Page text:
The American public and its government have been heavily involved in dealing with the abuse of Sudanese citizens since before the Darfur crisis came to world attention. First, it was slavery involved in the North-South civil war. More recently, we have been outraged by the genocide in Darfur and the continuing mistreatment of the people of the three Darfur provinces in western Sudan.
Sudan has been the target of more sanctions than perhaps any other nation so targeted by the United States. There are trade sanctions, travel sanctions and targeted personal sanctions. We have passed American legislation and lobbied diligently in the United Nations for globally-supported sanctions. However, gum arabic is always exempted, even though it is a major earner for the Government of Sudan and its private sector partners. The reason is that Sudan provides the world with two-thirds of what is perhaps the sole strategic agricultural product.
This colorless, tasteless resin from the acacia tree is used in a myriad of products - from carbonated beverages to pharmaceutical products. Certainly, consumers around the world would balk if their shampoo was unevenly mixed or their beer had a thinner foam, but the many uses of this product include vital supplies, such as medicines, whose production would be made difficult without gum arabic.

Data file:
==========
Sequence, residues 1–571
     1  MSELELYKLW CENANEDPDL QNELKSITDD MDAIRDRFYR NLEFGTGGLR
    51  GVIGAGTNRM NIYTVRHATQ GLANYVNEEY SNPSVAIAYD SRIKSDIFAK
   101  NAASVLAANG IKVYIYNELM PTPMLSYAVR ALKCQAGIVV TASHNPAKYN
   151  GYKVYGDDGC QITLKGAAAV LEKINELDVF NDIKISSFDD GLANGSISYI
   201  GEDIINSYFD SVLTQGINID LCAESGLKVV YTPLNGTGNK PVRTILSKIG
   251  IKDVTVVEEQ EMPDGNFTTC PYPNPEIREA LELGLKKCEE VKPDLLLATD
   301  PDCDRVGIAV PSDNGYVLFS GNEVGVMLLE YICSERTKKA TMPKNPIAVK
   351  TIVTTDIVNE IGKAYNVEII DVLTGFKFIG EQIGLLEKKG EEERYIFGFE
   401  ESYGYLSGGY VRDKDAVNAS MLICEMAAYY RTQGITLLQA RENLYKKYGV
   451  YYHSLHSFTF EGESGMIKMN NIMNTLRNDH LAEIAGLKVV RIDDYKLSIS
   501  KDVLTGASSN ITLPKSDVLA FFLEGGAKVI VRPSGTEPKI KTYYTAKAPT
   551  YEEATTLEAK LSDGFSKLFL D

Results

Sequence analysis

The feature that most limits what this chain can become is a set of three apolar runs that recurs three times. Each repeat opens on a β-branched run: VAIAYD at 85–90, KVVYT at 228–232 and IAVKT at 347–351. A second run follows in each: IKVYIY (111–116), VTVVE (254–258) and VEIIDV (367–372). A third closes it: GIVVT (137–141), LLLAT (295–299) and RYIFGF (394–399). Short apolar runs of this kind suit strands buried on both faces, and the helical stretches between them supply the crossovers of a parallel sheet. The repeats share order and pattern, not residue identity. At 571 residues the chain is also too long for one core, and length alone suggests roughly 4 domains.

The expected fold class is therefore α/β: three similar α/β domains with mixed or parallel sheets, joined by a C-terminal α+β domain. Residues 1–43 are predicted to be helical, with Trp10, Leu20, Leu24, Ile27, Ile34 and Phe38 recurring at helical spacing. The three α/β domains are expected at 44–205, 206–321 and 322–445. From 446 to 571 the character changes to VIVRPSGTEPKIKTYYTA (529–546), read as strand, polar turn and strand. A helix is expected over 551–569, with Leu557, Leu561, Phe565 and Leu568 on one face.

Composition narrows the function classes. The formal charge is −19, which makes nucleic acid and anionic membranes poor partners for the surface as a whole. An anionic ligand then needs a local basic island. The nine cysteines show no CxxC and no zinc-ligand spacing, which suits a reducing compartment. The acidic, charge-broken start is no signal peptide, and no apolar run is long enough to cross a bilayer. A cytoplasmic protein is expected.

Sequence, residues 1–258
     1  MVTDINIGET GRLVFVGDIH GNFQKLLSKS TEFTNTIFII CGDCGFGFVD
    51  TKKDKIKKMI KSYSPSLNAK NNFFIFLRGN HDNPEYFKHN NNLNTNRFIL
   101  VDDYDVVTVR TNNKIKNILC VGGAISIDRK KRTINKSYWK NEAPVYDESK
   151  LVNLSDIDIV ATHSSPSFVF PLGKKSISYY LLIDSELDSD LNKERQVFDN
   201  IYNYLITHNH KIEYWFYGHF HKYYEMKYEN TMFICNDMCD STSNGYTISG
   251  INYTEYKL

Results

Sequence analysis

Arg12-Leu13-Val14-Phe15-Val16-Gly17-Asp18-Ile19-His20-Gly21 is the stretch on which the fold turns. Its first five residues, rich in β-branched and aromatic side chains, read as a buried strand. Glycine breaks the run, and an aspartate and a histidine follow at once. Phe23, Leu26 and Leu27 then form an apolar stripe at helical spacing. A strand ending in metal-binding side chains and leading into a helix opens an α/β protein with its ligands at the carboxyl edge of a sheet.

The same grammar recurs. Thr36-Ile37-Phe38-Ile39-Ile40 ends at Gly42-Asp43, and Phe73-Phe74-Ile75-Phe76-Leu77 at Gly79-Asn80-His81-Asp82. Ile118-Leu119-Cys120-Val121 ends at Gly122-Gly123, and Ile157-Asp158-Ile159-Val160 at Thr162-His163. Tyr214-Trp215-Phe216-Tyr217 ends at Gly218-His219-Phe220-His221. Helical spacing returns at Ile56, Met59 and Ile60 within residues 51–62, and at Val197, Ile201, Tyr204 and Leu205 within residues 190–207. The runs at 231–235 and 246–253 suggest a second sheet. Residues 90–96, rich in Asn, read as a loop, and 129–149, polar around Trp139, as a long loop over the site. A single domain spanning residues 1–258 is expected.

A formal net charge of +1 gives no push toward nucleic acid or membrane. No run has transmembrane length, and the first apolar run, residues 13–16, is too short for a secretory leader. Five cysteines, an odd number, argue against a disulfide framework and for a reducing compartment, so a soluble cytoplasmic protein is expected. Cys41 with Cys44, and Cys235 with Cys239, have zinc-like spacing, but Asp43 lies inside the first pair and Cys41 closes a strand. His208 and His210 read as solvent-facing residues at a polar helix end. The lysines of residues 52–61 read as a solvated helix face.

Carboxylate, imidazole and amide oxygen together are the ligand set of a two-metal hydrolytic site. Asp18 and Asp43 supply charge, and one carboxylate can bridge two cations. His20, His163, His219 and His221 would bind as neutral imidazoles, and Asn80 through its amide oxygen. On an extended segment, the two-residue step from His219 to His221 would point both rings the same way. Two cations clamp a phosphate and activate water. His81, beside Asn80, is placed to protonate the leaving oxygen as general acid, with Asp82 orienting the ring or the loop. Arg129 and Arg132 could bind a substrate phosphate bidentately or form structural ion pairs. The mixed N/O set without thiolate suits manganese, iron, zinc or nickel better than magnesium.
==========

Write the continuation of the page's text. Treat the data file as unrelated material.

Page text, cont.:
However, a quick cut-off of gum arabic supplies has never been necessary. Had the developed nations helped other gum arabic-producing countries to enhance the quality and supply of this product that they produce years ago, when we realized what a bad actor the Khartoum government was, we could have made provisions to source high-quality supplies from elsewhere. For example, Chad is a major producer, but no major project was ever launched to help that country or the other Sahelian countries with similar climates improve and expand their production of gum arabic.
When we in the West refuse to inconvenience ourselves despite our convictions, we cannot fairly ask African governments to make sacrifices not in their interest. This has been and continues to be an obstacle to successful U.S. policy toward Africa. A "Do as I say, not as I do" style of policy no longer works, and we must take that into consideration in our relations with African countries.